- Share this article on Facebook
- Share this article on Twitter
- Share this article on Email
- Show additional share options
- Share this article on Print
- Share this article on Comment
- Share this article on Whatsapp
- Share this article on Linkedin
- Share this article on Reddit
- Share this article on Pinit
- Share this article on Tumblr
This story first appeared in the Nov. 21 issue of The Hollywood Reporter magazine.
As Paramount found this year with Darren Aronofsky‘s Noah, films about biblical subjects can expose a studio to unwanted controversy. That’s especially true for stories about Moses, a figure of significance to Jews, Christians and Muslims. Now it’s Fox’s turn to grapple with sensitive depictions as Exodus: Gods and Kings opens Dec. 12.
See more Hollywood’s 100 Favorite Films
Choosing a voice of God is an especially tricky proposition. When DreamWorks Animation made The Prince of Egypt in 1998, some at the studio considered a voice that would morph from man to woman to child, but they abandoned the idea as likely to generate backlash. The job went to Val Kilmer, who also played Moses.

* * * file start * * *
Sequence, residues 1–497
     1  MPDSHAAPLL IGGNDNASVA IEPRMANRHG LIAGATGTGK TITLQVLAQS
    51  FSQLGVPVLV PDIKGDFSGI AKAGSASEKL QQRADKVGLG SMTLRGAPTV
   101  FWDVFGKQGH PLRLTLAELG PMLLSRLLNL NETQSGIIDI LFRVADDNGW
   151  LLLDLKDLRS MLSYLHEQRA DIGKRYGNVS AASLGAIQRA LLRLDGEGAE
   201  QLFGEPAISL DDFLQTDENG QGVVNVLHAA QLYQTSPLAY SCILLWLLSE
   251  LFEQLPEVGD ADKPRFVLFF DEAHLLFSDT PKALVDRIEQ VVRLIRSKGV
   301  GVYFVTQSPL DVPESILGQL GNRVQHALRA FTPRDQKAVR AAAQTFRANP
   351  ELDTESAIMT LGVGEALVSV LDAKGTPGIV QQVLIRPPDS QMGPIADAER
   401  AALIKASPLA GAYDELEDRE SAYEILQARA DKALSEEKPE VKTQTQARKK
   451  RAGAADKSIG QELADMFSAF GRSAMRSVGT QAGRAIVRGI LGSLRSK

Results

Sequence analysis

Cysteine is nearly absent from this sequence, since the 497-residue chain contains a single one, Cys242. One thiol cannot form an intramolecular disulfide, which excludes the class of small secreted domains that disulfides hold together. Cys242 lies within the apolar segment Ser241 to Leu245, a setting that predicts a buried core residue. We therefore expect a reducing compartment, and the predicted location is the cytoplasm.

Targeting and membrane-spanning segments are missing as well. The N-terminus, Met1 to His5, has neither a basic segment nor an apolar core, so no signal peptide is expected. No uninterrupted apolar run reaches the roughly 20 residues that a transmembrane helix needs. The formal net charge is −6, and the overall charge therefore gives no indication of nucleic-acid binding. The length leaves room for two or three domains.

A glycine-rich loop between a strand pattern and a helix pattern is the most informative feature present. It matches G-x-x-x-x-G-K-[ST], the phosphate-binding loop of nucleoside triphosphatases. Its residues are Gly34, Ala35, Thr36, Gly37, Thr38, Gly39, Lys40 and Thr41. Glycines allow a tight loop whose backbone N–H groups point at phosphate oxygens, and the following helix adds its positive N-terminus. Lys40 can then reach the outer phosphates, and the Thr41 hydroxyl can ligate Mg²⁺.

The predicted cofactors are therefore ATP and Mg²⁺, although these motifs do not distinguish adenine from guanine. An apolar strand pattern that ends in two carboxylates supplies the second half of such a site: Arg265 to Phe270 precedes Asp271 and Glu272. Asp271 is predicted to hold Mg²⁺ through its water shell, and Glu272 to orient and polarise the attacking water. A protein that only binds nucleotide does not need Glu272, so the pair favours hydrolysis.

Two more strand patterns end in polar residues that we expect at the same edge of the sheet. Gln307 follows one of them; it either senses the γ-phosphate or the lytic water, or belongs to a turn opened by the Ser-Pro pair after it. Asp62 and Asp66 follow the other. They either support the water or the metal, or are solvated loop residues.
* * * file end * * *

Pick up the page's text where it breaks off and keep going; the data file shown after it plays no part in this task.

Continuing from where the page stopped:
In Exodus, director Ridley Scott has chosen various ways to convey God’s communication with Moses, played by Christian Bale. When God speaks directly to Moses, it is through a young boy, Malak, played by 11-year-old Brit Isaac Andrews.
See more Highly Paid Film Stars
“Sacred texts give no specific depiction of God, so for centuries artists and filmmakers have had to choose their own visual depiction,” Scott tells THR. “Malak exudes innocence and purity, and those two qualities are extremely powerful.”
In the film, which cost about $150 million to produce with tax breaks from Spain and the U.K., the boy meets Moses in front of a burning bush. He reappears thereafter to guide and debate Moses, who soon realizes the child is speaking as God.
Rabbi David Baron of the liberal Temple of the Arts in Beverly Hills, a consultant on the film, acknowledges that this depiction and others — from the parting of the Red Sea to the plagues — might create controversy.
“They went off the biblical text, but the biblical text was very terse,” he says. For him, “anything that will result in people taking a second look at the text and engaging with the Bible” is worthwhile. Noting that Exodus was shot in 3D, Baron adds, “You’ve never seen locusts swarming like they do in 3D.”
Sign up for THR news straight to your inbox every day